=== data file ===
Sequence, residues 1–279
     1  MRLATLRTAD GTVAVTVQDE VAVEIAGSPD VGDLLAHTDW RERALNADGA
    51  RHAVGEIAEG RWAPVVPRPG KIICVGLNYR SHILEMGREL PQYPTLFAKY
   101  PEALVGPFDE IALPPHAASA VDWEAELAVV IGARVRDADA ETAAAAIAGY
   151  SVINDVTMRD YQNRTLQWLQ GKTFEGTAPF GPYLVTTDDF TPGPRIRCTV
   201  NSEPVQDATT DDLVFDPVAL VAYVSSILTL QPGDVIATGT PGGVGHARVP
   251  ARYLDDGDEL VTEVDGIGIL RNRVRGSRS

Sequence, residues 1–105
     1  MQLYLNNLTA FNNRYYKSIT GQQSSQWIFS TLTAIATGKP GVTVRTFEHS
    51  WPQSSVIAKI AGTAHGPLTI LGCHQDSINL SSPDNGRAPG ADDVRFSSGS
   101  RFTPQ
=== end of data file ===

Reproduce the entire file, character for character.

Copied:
Sequence, residues 1–279
     1  MRLATLRTAD GTVAVTVQDE VAVEIAGSPD VGDLLAHTDW RERALNADGA
    51  RHAVGEIAEG RWAPVVPRPG KIICVGLNYR SHILEMGREL PQYPTLFAKY
   101  PEALVGPFDE IALPPHAASA VDWEAELAVV IGARVRDADA ETAAAAIAGY
   151  SVINDVTMRD YQNRTLQWLQ GKTFEGTAPF GPYLVTTDDF TPGPRIRCTV
   201  NSEPVQDATT DDLVFDPVAL VAYVSSILTL QPGDVIATGT PGGVGHARVP
   251  ARYLDDGDEL VTEVDGIGIL RNRVRGSRS

Sequence, residues 1–105
     1  MQLYLNNLTA FNNRYYKSIT GQQSSQWIFS TLTAIATGKP GVTVRTFEHS
    51  WPQSSVIAKI AGTAHGPLTI LGCHQDSINL SSPDNGRAPG ADDVRFSSGS
   101  RFTPQ